Unfortunately, it has been difficult to establish consistent relationships between in vitro and in vivo data. The reasons for this are complex, but at least two appear important. First, there is the issue of "endogenous downregulation" (1). Paradoxically, for reasons determined by genotype, the acute response to pharmacologic concentrations of β2-agonists in vivo may be greatest in patients harboring receptors that are theoretically resistant to downregulation with exposure to physiologic concentrations of endogenous catecholamine (15). This may explain why, in vivo, acute responses are greater in Arg-16 homozygotes (11, 12), whereas the same genotype predisposes to adverse outcomes, possibly resulting from enhanced pharmacologically induced downregulation during long-term β-agonist exposure (13, 14). Second, because of linkage disequilibrium, the distribution of SNPs is not random. Rather, particular combinations of SNPs (haplotypes) occur, and these may be of more importance in determining the clinical phenotype, particularly if each SNP has a functional role and where one SNP operates in an opposite direction to the other (16). Against this background, Drysdale and colleagues have described the common haplotypes of ADRB2, comprising a relatively small number of combinations of SNPs (17).
A significant relationship between ADRB2 haplotype and the acute response to β2-agomst has been reported, but remains unclear (17). In the present study, our aim was to confirm that there are consistent between-haplotype differences in the response to single doses of inhaled albuterol in patients with asthma. Given the importance of pharmacologic tolerance in relation to our study question, we rigorously sought to minimize any confounding influence of current asthma treatment by withdrawing both inhaled corticosteroid and β2-agonist therapy before patient assessment.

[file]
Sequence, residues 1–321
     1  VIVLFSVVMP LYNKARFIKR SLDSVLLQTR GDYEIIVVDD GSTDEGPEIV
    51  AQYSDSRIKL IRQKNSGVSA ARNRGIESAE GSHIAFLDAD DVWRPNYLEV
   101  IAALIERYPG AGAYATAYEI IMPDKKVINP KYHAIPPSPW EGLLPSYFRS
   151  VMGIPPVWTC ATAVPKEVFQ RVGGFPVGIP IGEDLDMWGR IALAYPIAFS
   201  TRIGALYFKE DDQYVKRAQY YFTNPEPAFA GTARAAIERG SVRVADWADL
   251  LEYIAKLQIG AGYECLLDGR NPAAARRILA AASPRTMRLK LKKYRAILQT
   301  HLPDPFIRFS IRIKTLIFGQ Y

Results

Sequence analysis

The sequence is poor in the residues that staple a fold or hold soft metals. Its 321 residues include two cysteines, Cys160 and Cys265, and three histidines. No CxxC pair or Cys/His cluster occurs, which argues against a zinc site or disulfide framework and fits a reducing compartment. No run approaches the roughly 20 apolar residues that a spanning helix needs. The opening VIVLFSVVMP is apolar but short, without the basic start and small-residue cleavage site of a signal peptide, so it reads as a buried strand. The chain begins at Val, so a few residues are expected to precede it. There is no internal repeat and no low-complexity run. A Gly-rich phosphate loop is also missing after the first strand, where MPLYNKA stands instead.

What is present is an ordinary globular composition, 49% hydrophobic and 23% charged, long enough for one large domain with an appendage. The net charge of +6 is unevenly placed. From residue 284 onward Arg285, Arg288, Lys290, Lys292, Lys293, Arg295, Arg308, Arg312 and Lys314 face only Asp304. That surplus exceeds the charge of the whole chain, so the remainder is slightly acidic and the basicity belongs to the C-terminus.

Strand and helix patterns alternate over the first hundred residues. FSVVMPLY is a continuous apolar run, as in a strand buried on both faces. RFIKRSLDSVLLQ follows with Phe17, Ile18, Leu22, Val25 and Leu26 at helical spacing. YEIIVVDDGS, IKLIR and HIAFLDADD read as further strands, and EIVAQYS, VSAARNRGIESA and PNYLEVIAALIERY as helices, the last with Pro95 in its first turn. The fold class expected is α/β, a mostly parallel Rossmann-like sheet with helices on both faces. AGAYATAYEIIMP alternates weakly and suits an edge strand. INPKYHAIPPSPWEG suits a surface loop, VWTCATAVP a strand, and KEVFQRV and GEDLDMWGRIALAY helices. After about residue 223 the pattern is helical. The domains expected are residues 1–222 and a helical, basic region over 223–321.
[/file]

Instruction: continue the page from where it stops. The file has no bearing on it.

Some of the data contained in this manuscript have been reported in an earlier abstract (18).
The study was conducted in the course of assessing patients for a larger clinical trial. Primary care patients with doctor-diagnosed mild to moderate bronchial asthma treated for 6 months or longer, of whom nearly 80% were taking regular inhaled corticosteroid, were invited to participate. Current smokers and ex-smokers with a cumulative consumption of greater than 10 pack years were excluded. At the first study visit, a 10 ml venous blood sample was obtained and, after DNA extraction, ADRB2 haplotype was determined using previously described methods (19) and classified according to Drysdale and colleagues (17). The nonsynonymous polymorphisms comprising the common haplotypes were as follows: Arg-BUP19, Gly-16, Glu-27, and Thr-164 (haplotype 2); Cys-BUP19, Arg-16, Gin-27, and Thr-164 (haplotype 4); Cys-BUP19, Gly-16, Gin-27, and Thr-164 (haplotype 6); and Cys-BUP19, Gly-16, Gin-27, and Ile-164 (haplotype 7). Patients harboring the 2/2, 2/4, 2/6, 4/4, 4/6, 6/6, and X/7 haplotypes (where X was 2, 4, or 6) continued in the study, but those with rarer or indeterminate haplotypes were withdrawn. The investigators undertaking the clinical component of the study remained blinded to haplotype data.